Tuesday, February 19, 2013

Educational TV Promotes Good Behavior?

Somehow I don't think that's the headline preferred by Dimitri A. Christakis, professor of pediatrics at the University of Washington and the lead author of a new study. Most everybody talks it up as evidence watching better television makes kids less aggressive.  Even Christakis thinks so:

The take-home message for parents is it’s not just about turning off the TV; it’s about changing the channel..We want our children to behave better...and changing their media diet is a good way to do that. Certain Television Fare Can Help Ease Aggression in Young Children, Study Finds, New York Times

Only the study didn't find changing media improved behavior.  We'll get to that in a minute.

Christakis and the media also call this a randomized controlled study, a rarity in so many social science circles so let's milk it.  It must be terribly valuable then, right?

Is it a true randomized study?

Sure, Christakis randomly assigned families to two groups but it's unclear exactly what he randomized here. Did he randomized whether kids watched more prosocial, educational tv (e.g. Dora the Explorer, Sesame Street) versus adult tv? Not exactly, he randomized the specific intervention the families experienced (either focusing on tv or diet info):

The researchers, at Seattle Children’s Research Institute and the University of Washington, divided 565 parents of children ages 3 to 5 into two groups. Both were told to track their children’s media consumption in a diary that the researchers assessed for violent, didactic and prosocial content, which they defined as showing empathy, helping others and resolving disputes without violence. Certain Television Fare Can Help Ease Aggression in Young Children, Study Finds, New York Times

Guess what happened? Kids in the "good tv" intervention according to their parents acted much better over the next year.  The parents reported both the tv habits and the eventual behavior, not so great.  Let's take a peek into a phone call from the GOOD TV Study.

Researcher: Studies show television turns kids mean, fat and possibly brain damaged. Decades of research have documented the adverse effects of violent television. We cannot stress enough the importance of choosing quality shows for your child. We will help you make good choices. Did I mention you should be monitoring your child's viewing behavior for the sake of his future health and safety? 

Parent (head nodding): Uh-huh, uh-huh....

Researcher: So, what has your kid been watching?

Parent: Um, Sesame Street?

The real issue here?

The parents in the good tv group also got a few extra touches. The researchers bestowed more time and attention on these folks from additional media training to  encouragement to watch with the kiddies and talk about the shows.  They also had monthly chit chats with the good tv group.  Don't know about you but if Dr. So and So were checking up on me every month I might be on my best behavior too which means I'd be modeling acts of thoughtfulness and empathy.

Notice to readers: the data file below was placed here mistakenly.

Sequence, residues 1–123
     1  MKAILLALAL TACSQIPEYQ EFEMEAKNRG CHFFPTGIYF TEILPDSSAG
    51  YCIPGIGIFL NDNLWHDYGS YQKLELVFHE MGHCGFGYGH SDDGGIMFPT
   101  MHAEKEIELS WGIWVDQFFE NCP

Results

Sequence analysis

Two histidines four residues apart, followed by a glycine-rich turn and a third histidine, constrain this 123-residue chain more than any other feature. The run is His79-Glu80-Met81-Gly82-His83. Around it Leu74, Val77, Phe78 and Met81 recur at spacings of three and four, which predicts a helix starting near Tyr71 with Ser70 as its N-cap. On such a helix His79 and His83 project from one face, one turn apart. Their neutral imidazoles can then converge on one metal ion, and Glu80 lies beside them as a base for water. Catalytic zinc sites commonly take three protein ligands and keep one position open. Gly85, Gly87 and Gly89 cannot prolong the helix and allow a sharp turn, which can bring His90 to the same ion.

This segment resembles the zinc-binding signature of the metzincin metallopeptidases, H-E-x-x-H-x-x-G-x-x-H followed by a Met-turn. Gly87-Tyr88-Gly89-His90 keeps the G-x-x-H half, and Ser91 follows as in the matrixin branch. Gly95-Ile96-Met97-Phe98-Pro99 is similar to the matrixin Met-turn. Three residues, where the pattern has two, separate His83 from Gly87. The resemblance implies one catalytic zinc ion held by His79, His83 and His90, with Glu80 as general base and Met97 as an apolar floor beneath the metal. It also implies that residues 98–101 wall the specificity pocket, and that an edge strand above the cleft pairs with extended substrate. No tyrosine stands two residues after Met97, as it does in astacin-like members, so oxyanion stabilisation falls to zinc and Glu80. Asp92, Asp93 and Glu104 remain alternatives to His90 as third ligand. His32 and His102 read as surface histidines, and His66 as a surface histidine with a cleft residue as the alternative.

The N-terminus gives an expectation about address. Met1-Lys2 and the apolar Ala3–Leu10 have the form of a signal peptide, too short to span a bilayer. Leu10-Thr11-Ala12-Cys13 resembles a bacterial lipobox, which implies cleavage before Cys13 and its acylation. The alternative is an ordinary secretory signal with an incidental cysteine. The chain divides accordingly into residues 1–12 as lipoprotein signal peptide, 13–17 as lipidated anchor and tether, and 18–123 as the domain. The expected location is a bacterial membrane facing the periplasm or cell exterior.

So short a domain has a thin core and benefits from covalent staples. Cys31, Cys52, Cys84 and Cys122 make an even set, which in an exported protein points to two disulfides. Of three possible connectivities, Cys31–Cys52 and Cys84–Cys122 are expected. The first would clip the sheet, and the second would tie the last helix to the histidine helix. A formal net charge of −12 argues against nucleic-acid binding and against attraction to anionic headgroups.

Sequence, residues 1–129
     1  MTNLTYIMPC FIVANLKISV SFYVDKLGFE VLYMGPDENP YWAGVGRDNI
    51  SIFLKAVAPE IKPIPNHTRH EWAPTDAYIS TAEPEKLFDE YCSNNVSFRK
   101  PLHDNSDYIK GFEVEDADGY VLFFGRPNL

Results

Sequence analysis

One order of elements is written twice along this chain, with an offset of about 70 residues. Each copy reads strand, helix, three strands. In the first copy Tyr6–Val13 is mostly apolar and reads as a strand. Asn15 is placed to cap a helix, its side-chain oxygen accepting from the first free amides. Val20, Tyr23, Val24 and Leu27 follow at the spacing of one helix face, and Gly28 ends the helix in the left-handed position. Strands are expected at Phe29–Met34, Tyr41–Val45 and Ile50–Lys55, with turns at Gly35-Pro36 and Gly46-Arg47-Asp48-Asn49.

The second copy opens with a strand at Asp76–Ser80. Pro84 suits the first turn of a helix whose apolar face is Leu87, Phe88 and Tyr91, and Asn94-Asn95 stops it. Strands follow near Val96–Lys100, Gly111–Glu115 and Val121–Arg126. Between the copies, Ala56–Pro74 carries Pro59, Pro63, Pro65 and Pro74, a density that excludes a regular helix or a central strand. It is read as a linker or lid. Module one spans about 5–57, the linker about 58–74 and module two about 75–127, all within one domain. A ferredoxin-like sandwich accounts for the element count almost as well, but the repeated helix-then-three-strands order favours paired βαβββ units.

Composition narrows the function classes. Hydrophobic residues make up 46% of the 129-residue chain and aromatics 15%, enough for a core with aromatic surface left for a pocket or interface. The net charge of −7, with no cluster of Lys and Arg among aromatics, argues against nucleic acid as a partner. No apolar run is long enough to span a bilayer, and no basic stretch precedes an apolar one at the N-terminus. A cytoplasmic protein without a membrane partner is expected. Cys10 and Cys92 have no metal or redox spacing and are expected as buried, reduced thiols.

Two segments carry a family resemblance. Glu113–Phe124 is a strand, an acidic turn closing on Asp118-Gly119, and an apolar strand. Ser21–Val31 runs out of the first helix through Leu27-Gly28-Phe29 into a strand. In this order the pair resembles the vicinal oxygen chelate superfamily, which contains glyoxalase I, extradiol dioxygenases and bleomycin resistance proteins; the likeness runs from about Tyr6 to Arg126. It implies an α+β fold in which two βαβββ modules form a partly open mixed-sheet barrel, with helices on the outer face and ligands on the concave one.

So in the end it's unclear if it was the limited bad tv, the intervention or increased parental involvement and education that resulted in the supposed better behavior. The researchers randomized the intervention and not tv.  Sorry if this sounds technical but if you care about changing actual behavior then it is important. The intervention might have led to changes in the kind of shows the kids watched that in turn improved their behavior. It's also possible the intervention also led to parental behavior that in turn influenced the kids.

I'm not the only one skeptical about the potential of Dora the Explorer to save our social graces.

What's that? A skeptical voice from academia?

Christopher Ferguson, a psychologist from Texas A(and)M International University in Laredo, said not all studies have shown violent programming leads to aggression and behavioral problems in children, and the new study doesn't shut the door on that question.

"There's not much here for parents to take home," Ferguson, who wasn't involved in the research, told Reuters Health. Reuters Health, Educational TV Tied to fewer behavioral problems

Ferguson then muttered "big whoop" before downloading Sons of Anarchy.

Of course keep in mind there's also a new study showing even educational television can make kids aggressive.

Modifying Media Content for Preschool Children: A Randomized Controlled Trial.
doi: 10.1542/peds.2012-1493l

2 comments:

Awesome Mom said...

Dora the Explorer's shrill voice makes me feel violent so I would think the good of watching her was overcome by that.

Polly Palumbo, Ph.D. said...

Ditto! Curious George is downright creepy too. I still love Sesame Street and wish my kids would have liked it. If you read the NY Times article, a participant is interviewed. She admits her kid was watching King of the Hill. Her preschooler. Not the worse show, but lordy, if I could make this stuff up I'd write fiction.